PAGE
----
Planet Crashers (3DS) image

Every battle is more or less the same, providing few opportunities to alter your strategy. Though you can equip various combo attacks, you always wind up using the most powerful one in your library to either soften up or finish off your opponents, only breaking to recover HP. After a while, you become so powerful from grinding and farming weapons that random encounters devolve into squash matches against pitiful opponents. In fact, they become so easy that it's more worthwhile to skip them entirely. You'd think that an RPG whose main emphasis is grinding like crazy would feature combat so addictive that you wouldn't want to miss any of it. So much for that...

If you were bent on amassing an impressive collection of armor, accessories and weapons with ridiculously long monikers like Magical Dead Fish of Glorious Flames+5, think again. The only piece of exchangeable equipment is your weapon, which is usually something odd like an umbrella or a massive bone. Cosmetic differences aside, weapons only differ in terms of strength ratings. No weapon features any deeper factors to consider like status effects, combat bonuses, or stat trade-offs (i.e. -5 to speed, but +10 to strength). Each one may as well be Weapon +10, Weapon +20, Weapon +30 and so on.

Planet Crashers eventually grants you access to its not-so-grand finale. You engage the main antagonist in a straightforward scuffle, emerge victorious and receive an apathetic, one-size-fits-all ending. All of those hours you spent delving into simple labyrinths, dispatching primitive goons and earning giant household objects nets you little more than a light pat on the back.

Planet Crashers is a rare beast. It isn't mechanically broken, but it's still an abysmal title. It bears no redeeming qualities, and offers no meaningful or entertaining content. Its only material consists of the most standard RPG elements that mountains upon mountains of other titles--even some big time stinkers--have executed more effectively. Its campaign is akin to playing the introductory segment of the original Final Fantasy for twenty or so hours. Honestly, I don't recommend downloading Planet Crashers whatsoever. There are scores of superior RPGs waiting to devour your free time, and some of them are freeware.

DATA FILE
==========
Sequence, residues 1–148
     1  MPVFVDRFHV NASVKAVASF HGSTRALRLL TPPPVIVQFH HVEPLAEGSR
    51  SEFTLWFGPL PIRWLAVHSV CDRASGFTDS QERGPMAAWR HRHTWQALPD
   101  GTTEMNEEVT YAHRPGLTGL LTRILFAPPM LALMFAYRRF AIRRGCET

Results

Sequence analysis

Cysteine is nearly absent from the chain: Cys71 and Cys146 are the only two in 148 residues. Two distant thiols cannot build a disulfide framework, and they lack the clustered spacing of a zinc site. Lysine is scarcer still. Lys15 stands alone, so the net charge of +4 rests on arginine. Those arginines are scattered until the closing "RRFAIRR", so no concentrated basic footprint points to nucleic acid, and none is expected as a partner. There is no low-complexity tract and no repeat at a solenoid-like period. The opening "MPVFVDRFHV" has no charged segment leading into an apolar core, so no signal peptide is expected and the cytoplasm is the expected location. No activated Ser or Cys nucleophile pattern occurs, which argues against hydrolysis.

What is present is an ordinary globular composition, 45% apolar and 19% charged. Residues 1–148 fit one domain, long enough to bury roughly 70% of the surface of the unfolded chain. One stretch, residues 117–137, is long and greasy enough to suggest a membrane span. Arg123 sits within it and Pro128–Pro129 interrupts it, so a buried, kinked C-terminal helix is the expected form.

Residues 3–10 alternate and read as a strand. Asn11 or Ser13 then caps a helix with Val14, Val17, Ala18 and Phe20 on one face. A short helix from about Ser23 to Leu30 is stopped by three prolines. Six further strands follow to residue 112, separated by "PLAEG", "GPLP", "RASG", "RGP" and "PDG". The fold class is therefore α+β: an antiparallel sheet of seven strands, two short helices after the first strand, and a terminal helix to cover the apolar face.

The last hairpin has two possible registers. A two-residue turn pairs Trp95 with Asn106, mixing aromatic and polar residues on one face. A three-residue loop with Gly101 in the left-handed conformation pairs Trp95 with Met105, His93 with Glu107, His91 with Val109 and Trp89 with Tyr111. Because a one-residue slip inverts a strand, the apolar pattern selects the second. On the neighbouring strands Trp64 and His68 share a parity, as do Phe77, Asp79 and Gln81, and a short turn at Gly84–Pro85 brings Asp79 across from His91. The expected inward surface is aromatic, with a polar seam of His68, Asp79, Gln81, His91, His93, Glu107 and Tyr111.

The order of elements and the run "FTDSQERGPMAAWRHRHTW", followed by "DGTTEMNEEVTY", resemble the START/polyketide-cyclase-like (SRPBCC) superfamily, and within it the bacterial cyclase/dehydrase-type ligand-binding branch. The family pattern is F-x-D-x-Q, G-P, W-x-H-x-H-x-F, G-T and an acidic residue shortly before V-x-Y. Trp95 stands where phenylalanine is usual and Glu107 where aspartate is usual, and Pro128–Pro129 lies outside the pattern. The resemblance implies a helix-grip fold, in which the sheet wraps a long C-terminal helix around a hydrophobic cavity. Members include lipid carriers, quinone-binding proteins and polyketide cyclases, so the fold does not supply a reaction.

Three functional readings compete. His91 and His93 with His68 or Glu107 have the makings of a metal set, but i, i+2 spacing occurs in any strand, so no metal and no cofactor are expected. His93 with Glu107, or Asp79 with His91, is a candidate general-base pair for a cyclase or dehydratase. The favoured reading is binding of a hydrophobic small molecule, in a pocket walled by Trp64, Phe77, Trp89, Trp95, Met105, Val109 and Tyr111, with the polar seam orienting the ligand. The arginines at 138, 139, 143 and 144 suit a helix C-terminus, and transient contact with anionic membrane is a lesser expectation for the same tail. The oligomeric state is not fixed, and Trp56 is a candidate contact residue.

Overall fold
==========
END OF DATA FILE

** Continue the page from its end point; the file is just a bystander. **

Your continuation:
JoeTheDestroyer's avatar
Staff review by Joseph Shaffer (May 28, 2018)

Rumor has it that Joe is not actually a man, but a machine that likes video games, horror movies, and long walks on the beach. His/Its first contribution to HonestGamers was a review of Breath of Fire III.

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dirtsheep posted June 02, 2018:

Planet Crashers! I pay pretty close attention to the e-shop, but hadn't seen this gem yet.

You're right: I am at least a bit like you, and sort of do want to give the game a tumble. At least I did until the part about the Super Mario RPG thing. I had read about Mario RPGs for years, and desperately wanted to play one, but ultimately discovered that my particular brain really is not into that sort of thing.

On the other hand, I am right at this moment playing the opening sections of the original Final Fantasy.... As Dave Barry says, "I am not making this up."

How much is this game? It may be that, given your review, I can't not try it.
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JoeTheDestroyer posted June 03, 2018:

There are a handful of people who enjoy this one (though I've heard there was a beta PC version that was infinitely better than the 3DS edition), so it's not impossible to get into. Personally, I found its content to be so banal as to be grating, but some folks were able to look past it. It pains me to write that, too, because I loved developer Renegade Kid. Mutant Mudds and Xeodrifter are terrific games.

Thanks for reading!